Business meetings can be lengthy affairs. This allows for a decent amount of small talk before getting down to the nitty-gritty of business. Punctuality can sometimes be an issue in Brazil although this should not be interpreted a rude or lazy; sometimes it’s just the heavy traffic. As Europeans we may be accustomed to rigid schedules and appointments and always keeping one eye on the clock. In Brazil there is a very different approach to the concept of time. Individuals often deal with several people and different problems at the same time. Combine that with a complicated bureaucracy, frequent traffic jams and the tendency to get into a decent chat with anyone and the result is very often lateness. In this instance the ‘when in Rome’ rule should not be applied. Always turn up on time.
Remember that Brazilians will want two things out of a potential associate. A good relationship based on trust, plus a sound business partner. When presenting information ensure you use sound facts and statistics and try and present them visually. Ultimately a decision comes down to chemistry so ensure you remain cool and professional; avoid any sort of confrontation and definitely do not resort to hard sell tactics.
The Assistant’s View
Ana Fletcher is a Secretary/Administrative Assistant. Originally from Brazil, she has lived in Birmingham in the UK since 2006.
In Brazil, it is unusual to say your full name when you first meet someone. We only do this in more formal situations, such as conventions or seminars, where your title and position are important for identification purposes. For example, the last Brazilan president, Luiz Inacio (Lula) da Silva, is known by his nickname, Lula.
When we refer to the current president, Dilma Vana Rousseff, in informal terms, we just say ‘Dilma is doing this or that’. We don’t use her surname, as we know who we are talking about.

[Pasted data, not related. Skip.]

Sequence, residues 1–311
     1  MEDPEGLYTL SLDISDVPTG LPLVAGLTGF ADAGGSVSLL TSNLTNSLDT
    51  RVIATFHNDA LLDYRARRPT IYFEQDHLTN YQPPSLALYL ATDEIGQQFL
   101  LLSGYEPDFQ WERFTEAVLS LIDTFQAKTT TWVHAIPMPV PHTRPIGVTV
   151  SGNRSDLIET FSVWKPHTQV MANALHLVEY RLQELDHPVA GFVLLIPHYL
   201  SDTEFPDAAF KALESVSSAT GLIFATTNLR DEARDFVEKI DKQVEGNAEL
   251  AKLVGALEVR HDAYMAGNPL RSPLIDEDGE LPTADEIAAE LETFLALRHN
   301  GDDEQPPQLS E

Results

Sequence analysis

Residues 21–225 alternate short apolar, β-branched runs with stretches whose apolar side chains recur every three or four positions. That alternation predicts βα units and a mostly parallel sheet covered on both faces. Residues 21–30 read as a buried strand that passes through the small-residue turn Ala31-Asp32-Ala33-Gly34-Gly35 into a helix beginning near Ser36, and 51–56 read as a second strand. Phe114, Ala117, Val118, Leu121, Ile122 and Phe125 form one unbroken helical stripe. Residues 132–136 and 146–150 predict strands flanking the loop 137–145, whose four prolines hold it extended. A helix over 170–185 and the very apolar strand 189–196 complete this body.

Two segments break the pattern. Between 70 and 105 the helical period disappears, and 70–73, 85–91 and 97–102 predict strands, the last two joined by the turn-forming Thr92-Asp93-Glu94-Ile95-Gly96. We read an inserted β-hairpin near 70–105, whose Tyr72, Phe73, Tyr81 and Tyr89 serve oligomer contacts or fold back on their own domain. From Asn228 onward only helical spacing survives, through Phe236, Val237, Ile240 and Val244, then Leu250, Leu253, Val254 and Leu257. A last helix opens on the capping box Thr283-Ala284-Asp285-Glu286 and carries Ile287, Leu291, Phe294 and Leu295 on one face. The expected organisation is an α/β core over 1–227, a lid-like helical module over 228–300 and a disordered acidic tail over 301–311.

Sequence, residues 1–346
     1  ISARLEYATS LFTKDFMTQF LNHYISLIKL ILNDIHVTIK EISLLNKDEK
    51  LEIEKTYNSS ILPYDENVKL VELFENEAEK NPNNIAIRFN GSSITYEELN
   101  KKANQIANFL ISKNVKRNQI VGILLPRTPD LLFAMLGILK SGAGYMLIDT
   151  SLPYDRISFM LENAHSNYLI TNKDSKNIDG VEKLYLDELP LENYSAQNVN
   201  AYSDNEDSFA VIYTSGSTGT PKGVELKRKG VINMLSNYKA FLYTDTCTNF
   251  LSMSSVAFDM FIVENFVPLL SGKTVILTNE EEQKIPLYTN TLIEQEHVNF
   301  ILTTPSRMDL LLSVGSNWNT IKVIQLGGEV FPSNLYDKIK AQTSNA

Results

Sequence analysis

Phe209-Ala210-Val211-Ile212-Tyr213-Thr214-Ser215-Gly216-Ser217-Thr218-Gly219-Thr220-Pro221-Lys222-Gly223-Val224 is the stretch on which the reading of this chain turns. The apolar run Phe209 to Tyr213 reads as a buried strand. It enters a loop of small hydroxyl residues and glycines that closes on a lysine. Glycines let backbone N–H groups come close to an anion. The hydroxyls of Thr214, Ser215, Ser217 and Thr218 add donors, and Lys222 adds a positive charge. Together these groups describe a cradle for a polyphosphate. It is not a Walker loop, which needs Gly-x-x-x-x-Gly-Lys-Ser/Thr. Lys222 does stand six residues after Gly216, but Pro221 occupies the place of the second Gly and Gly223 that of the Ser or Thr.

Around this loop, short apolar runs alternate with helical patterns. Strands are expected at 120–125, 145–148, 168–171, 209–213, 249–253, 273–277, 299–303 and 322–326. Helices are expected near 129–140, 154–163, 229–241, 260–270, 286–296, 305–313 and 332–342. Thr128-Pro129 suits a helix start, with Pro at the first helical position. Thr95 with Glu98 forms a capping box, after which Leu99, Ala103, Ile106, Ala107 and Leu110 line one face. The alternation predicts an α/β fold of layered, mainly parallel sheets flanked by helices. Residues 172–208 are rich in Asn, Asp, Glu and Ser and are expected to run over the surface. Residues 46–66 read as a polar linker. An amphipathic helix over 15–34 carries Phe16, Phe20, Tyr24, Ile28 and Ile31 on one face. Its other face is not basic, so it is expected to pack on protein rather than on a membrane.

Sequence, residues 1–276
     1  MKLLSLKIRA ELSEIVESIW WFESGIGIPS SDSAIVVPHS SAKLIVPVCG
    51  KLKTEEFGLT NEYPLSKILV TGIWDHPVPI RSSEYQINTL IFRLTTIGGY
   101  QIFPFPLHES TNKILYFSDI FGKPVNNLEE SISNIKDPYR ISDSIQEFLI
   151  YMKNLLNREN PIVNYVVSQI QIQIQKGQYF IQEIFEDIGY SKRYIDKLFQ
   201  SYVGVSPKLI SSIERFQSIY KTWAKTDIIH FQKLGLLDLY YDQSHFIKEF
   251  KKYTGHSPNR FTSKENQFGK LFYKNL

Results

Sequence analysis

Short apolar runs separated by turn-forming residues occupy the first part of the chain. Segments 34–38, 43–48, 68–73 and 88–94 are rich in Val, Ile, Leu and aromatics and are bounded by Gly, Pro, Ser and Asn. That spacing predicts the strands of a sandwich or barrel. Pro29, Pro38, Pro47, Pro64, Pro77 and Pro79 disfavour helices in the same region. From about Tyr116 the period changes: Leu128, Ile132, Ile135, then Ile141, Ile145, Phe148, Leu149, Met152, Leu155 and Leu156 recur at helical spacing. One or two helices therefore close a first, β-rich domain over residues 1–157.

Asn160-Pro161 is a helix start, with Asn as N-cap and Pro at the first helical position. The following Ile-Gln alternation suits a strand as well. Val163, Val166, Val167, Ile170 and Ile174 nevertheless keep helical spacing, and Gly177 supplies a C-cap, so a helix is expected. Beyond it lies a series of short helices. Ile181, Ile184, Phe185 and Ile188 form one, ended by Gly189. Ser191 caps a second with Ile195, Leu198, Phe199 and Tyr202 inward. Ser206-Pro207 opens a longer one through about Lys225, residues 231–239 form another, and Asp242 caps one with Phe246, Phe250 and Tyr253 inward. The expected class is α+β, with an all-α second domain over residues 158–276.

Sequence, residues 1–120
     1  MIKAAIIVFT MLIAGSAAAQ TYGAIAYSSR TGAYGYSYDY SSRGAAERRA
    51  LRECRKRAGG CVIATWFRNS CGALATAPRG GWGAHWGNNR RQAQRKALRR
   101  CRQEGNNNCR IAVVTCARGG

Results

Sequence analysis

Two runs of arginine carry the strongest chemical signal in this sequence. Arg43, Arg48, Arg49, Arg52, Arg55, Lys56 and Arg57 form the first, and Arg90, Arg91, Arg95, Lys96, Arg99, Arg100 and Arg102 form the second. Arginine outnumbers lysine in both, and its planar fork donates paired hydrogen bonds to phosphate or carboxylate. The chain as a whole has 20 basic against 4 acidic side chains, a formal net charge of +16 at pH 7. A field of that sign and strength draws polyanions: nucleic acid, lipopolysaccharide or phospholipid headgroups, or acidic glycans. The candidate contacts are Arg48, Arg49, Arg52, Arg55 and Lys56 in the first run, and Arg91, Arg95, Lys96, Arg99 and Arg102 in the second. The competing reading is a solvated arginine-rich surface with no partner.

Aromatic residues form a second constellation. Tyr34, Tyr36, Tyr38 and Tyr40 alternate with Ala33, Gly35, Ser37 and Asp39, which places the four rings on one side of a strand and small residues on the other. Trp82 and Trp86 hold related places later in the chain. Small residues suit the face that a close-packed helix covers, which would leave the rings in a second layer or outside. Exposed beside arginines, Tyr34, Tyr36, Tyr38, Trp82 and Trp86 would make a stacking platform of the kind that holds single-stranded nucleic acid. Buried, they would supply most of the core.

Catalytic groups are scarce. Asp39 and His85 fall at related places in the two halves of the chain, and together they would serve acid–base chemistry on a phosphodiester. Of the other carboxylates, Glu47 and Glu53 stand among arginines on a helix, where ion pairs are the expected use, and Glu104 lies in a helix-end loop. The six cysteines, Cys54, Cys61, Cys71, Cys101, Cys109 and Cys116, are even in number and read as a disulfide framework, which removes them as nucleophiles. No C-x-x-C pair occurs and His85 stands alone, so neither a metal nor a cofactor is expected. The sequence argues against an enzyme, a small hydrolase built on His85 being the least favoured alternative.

In other informal occasions or conversations, we use Sir, Mister or Mrs first name. At my last job as a Legal Secretary in Brazil, the only person that I called Sir and Mister was the owner of the office, my direct boss, because he was the oldest in the office. The other solicitors were in their 20s or 30s, so we addressed them by their first name.
Business dress code is smart but light fabrics, because of the heat. For women, you would usually wear a dress, skirt or suit in the summer, depending on of the company’s field.
Working hours are normally 8 or 9am until 5 or 6pm for employees. The bosses normally start a little later at 9:30 or 10am. Sometimes they go straight to a meeting, coming back around lunch time. But they leave work later as well, sometimes at 8 or 9pm. Lunch time usually is 12-2pm. Overtime is more than common, at least half an hour. Want a part time job because you have to pick up the kids from school? Forget it! It doesn’t happen.
Business relationships and deal making are built on partnerships and friendships, which will develop into lifelong relationships. We are very relaxed.
Entertaining – well, happy hour – is a must. Expect to be at home around 9pm. Then a shower and something to eat… there’s no rush! I used to go to the gym, quickly make something to eat, then head right to the cinema, returning home at 11pm. Many deals are closed during this happy hour (especially with foreign clients) or at lunch. There is always an occasion to celebrate! Gifts can be exchanged at these occasions, or after the deal has been made.
Don’t you worry if you are late. It’s not the end of the world! Five, ten or even 30 minutes is perfectly acceptable. Just give them a call saying you’ll be late. If you’re late for work or a meeting, they will understand. Having said that, Brazilians are very hardworking and conscientious.
I think that we are a relaxed people in many ways. We like to enjoy every minute of the day without rushing. Everything has its time and place, so why panic?
I found the links below illustrate our culture very well, but there is much more about Brazil to be enjoyed.
For more information about business and culture in Brazil visit www.maria-brazil.org/business_in_brazil.htm and www.worldbusinessculture.com